Deputy Prime Minister says UK on ‘cusp' of Northern Ireland Protocol deal
The Prime Minister is “on the cusp” of securing new Brexit terms with the European Union, according to his deputy.
Dominic Raab has put Westminster on stand-by for a Northern Ireland Protocol deal to be announced after saying he expected a fresh pact to be signed off in “days, not weeks”.
The Deputy Prime Minister said there had been a “paradigm shift” in the approach from Brussels, hinting that talks had wielded changes on customs checks as well as dealing with Unionists' concerns around Northern Ireland not having a say in EU rules that impact on the region.
Mr Raab, asked on Sky News' Sophy Ridge On Sunday programme whether a deal could be unveiled as soon as Monday, replied: “I think there is real progress.
“We want to make sure all the pieces are in place.
“I think, hopefully, there will be good news in a matter of days, not weeks.”
The Cabinet minister later told the BBC's Laura Kuenssberg: “If we can get this over the line — we're on the cusp, we've made great progress, we're not there yet — this would be a really important deal.”
It comes as Rishi Sunak said on Saturday his administration was “giving it everything we've got” to finalise a deal to fix issues with the protocol, a Brexit treaty negotiated by former prime minister Boris Johnson.
As Downing Street appeared to gear up for an announcement, Mr Sunak was warned by both Eurosceptic Conservatives on his backbenches and the Labour Party not to rush into calling a Parliament vote on his agreement.
Mr Sunak has previously pledged for MPs to be given the ability to “express” their view on the revised terms.
Mark Francois, chairman of the Tory Eurosceptic European Research Group (ERG), and Labour shadow foreign secretary David Lammy, not natural bedfellows, agreed there should be “no rush on any vote in Parliament”.
Mr Lammy signalled that Labour was prepared to back Mr Sunak's deal, a safety net No 10 are determined not to have to rely upon.
Instead, the Prime Minister is keen to secure support from both his backbenches and the Democratic Unionist Party (DUP).
Speaking to The Sunday Times, Mr Sunak pledged that “anything that we do will tick all of those boxes” in terms of Unionist concerns with the protocol.
The protocol, signed by Mr Johnson in 2020, was designed to prevent a hard border with Ireland after Brexit by effectively keeping Northern Ireland in the EU's single market.
But the trade barriers created by the treaty has created Unionist tension, with Mr Sunak admitting that it had “unbalanced” the Good Friday Agreement that helped end the Troubles bloodshed in Northern Ireland.
Sir Jeffrey Donaldson's party has issued seven tests that Mr Sunak's new pact will have to meet in order to win its backing, including addressing what the DUP calls the “democratic deficit” of Northern Ireland being subject to EU rules while not having a say on them.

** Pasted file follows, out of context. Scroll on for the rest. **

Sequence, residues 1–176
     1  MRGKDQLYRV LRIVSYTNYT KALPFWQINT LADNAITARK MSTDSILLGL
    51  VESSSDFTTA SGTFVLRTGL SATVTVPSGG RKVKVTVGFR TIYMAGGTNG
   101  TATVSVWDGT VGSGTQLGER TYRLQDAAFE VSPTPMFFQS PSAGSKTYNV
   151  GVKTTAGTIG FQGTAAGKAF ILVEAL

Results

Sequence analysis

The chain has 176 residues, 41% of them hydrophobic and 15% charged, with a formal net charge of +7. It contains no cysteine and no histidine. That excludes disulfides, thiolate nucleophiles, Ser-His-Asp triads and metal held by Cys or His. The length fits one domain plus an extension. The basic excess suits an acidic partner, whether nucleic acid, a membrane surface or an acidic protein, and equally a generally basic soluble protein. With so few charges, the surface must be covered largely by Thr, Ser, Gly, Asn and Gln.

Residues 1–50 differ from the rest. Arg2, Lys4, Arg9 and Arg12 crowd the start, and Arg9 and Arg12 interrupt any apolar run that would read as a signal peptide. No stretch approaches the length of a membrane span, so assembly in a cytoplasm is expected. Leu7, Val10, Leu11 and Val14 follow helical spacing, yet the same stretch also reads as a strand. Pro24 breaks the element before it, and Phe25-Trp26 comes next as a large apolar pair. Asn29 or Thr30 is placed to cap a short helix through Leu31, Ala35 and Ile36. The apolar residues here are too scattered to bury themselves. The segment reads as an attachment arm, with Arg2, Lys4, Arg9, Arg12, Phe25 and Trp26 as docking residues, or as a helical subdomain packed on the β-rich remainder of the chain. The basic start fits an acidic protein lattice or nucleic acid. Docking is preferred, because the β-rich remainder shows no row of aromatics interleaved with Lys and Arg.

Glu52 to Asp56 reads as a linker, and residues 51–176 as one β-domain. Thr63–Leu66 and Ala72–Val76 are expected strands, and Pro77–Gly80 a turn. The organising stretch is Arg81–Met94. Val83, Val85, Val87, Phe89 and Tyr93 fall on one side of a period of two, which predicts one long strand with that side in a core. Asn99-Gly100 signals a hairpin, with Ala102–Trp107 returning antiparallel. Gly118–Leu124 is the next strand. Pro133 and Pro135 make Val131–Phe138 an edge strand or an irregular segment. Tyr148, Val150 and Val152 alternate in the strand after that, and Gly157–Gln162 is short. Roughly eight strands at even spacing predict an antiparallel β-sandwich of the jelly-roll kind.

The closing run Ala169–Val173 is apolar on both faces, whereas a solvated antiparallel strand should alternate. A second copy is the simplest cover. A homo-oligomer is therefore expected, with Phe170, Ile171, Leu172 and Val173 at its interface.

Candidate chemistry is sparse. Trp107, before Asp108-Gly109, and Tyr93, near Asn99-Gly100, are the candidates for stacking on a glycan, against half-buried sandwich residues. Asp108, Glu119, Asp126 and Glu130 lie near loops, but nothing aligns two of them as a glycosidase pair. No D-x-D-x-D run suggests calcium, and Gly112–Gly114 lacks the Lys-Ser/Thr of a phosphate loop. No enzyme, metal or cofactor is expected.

Mr Raab, who is also the Justice Secretary, suggested that UK negotiators had secured concessions on that issue, as well as removing red tape on internal market trade.
“If there are any new rules that would apply in relation to Northern Ireland, it must be right that there is a Northern Irish democratic check on that,” Mr Raab told the BBC.
“Again, that would mark a significant shift in the paradigm of the arrangements.”
The Leave campaigner also appeared to confirm reports about new customs arrangements for goods travelling into Northern Ireland from Great Britain.
Several reports have said there will be red and green lanes for customs, allowing trusted traders to send goods from Great Britain into Northern Ireland without checks, while goods destined for Ireland and the EU's single market will go through the red lane.
“Those are the kind of things we have been pushing for,” he told Sky.
Mr Francois warned that it was a “practical reality” that if the DUP does not agree with the changes Mr Sunak has secured then “it is simply not going to fly”.
He pointed to Foreign Secretary James Cleverly saying on Friday that ministers were “not going to sign off on the deal” until DUP concerns had been addressed as a sign that the UK Government recognised the authority Sir Jeffrey's party held on the matter.
Fellow Eurosceptic George Eustice, a former environment secretary, called on his party colleagues to be “open minded” to what the Prime Minister comes back with.
“We have to stop thinking if there is a deal that is about to be done, it means we've been done over in some way,” he told the BBC.
But he admitted to being “a little bit nervous” about the continued role of the European Court of Justice's (ECJ) in policing single market rules in Northern Ireland under No 10's reforms.
Mr Raab told Sky that cutting regulatory checks on trade would “involve a significant, substantial scaling back of the role of the ECJ” but refused to rule out it having a say on future trade disputes.
Former minister Mr Francois declared that “less of a role” for European judges was “not enough” of a concession, adding: “We have to get rid of the EU law in Northern Ireland.”
DUP MP Sammy Wilson told GB News it was a “red line” for his party that “no EU law” should continue to apply in Northern Ireland.
“Not only are we given those laws and have imposed those laws on us at present, but they're imposed without any say either by British ministers or by politicians in Northern Ireland,” he said.